By David Sterman
While taking time out on a trip to Hong Kong a few years ago, I took a ferry over to the island protectorate of Macau. The place felt like a ghost town, with few tourists, though the locals said that would soon change. They were right. A few years later, Macau has finished up the first phase of a building boom that has made it the "Las Vegas of Asia."
Indeed, Macau has quickly emerged as one of the top vacation destinations for Chinese citizens, which is why I thought Melco Crown Entertainment (Nasdaq: MPEL) would make a great investment. I profiled this up-and-coming casino operator more than a year ago, and its shares subsequently zoomed from around $4.50 in the fall of 2010 to around $16 this past summer -- a gain of 255%.
Investors went on to lock in profits on this highflying stock, but with shares back below $10, it's now a bargain once again. In a few years time, this stock could hit that 52-week high again as investors start to understand the wild card this company has up its sleeve.
A building track record
The strong stock price performance I mentioned earlier has a straightforward explanation. Melco Crown has built a pair of impressive casinos -- City of Dreams and Cubic -- which have steadily drawn rising crowds. These casinos attract what's known as a "mass premium" crowd, which spends more money than rank-and-file tourists that arrive on junkets, but are not quite as mercurial in their spending as the VIP crowd.
Melco sought out a differentiated strategy that many doubted would succeed. The strategy entailed Vegas-style entertainment such as a Cirque-du-Soleil-style theatrical production and a club-like dance hall with a DJ. Conventional wisdom held that such amenities would be lost on Chinese tourists that simply want to gamble. Those amenities aren't deriving extra profits, but they are driving solid foot traffic.
The financial results for Melco explain why this stock zoomed from under $5 to above $15 in a fairly short time: Melco likely generated 40% sales growth in 2011, to $3.75 billion. And after a modest loss in 2010, it likely earned around $0.50 a share in 2011.
Yet the real reason to own this stock is because of an event that won't happen until 2015.
Macau Studio City
Melco Crown acquired a 60% interest in Macau Studio City in June 2011, which is shaping up to be the premier gaming spot in Macau when it opens in three years, thanks to its location. The casino will be located right next to the Lotus Bridge immigration station, making it the first and most visible casino on "the strip." That section is relatively quiet now, but should be much more active thanks to current infrastructure development in the area. The 32-acre site is also expected to be a stop on a soon-to-be-built light rail system.
By all accounts, Melco's $360 million purchase price for that 60% stake was a great deal. The fact that Melco already had a contract in place to manage the facility enabled the company to negotiate much more favorable terms than rivals would have secured. Yet the deal spooked investors, who quickly realized it would take roughly $1.7 billion to develop the facility, which might lead Melco Crown to sell a lot of stock to raise cash. Those fears of dilution were heightened further when the company announced plans to dual-list its shares in Hong Kong. That's often a precursor to capital-raising.
In response, management has had to hold a series of meetings with the investment community. Their main takeaway: Melco will need to spend hundreds of millions, not $1 billion or more, to develop Macau Studio City. And with roughly $1 billion cash in the bank, the company will not be selling any more stock. The development will strictly be funded out of cash and ongoing cash flow.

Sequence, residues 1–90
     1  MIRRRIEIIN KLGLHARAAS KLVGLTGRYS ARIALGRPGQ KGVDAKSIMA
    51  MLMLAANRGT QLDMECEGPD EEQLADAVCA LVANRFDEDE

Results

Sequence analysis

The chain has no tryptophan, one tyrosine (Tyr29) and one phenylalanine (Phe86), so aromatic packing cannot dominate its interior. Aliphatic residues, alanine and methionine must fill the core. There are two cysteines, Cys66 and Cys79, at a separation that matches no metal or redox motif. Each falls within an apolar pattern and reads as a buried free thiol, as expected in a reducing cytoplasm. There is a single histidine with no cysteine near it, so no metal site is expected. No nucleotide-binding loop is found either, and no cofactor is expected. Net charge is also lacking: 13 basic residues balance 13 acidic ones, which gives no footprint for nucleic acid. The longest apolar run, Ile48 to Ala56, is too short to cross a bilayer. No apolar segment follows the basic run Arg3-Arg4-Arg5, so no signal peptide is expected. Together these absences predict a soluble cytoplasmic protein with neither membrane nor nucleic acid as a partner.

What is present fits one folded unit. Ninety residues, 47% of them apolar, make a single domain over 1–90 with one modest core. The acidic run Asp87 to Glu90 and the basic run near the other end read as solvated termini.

Of course, Macau Studio City will eventually see competition on that part of the strip, but not for a while. Along with joint venture partner Lai Sun Group, Melco has already secured many of the needed government approvals for the project, which has already been prepped with $200 million in site development as land has been cleared and utility cables laid down. Other casinos that have yet to be announced in the area wouldn't open before 2017 or 2018 -- at the earliest.
Risks to Consider: The Chinese economy may temporarily slow in coming quarters, leading to reduced discretionary consumer spending. That could cause the stock to weaken further as year-over-year revenue comparisons in Macau start to cool. Still, such a pullback would make this stock even more appealing in light of Melco Crown's bright growth prospects.
Macau's impressive growth looks set to continue. A 90-mile high-speed train will connect the Gaungzhou region of China with Zhuhai, which is roughly 20 miles from downtown Macau. That railway line, slated for completion in late 2012, along with an expansion in the hours of operation for key border crossings, "should increase the number of mass-market visits to Macau from mass-market tourists from China," according to Daiwa Securities. With three major casinos in operation by 2015, Melco Crown Entertainment stands as the best pure play for Macau's burgeoning gaming scene.
From a current $10, shares could hit $15 -- or more -- once this business model ripens. At maturity, Melco Crown is capable of around $700 million in annual operating profits. Shares should trade up to 12 times EBITDA once investors again understand the high-growth and high margins built into this business model. Assuming a multiple of 12 on that operating profit figure, this company could eventually be valued above $8 billion, well above the current $5.3 billion market value, implying upside of 50% or more.
Disclosure: Neither D. Sterman nor StreetAuthority, LLC hold positions in any securities mentioned in this article.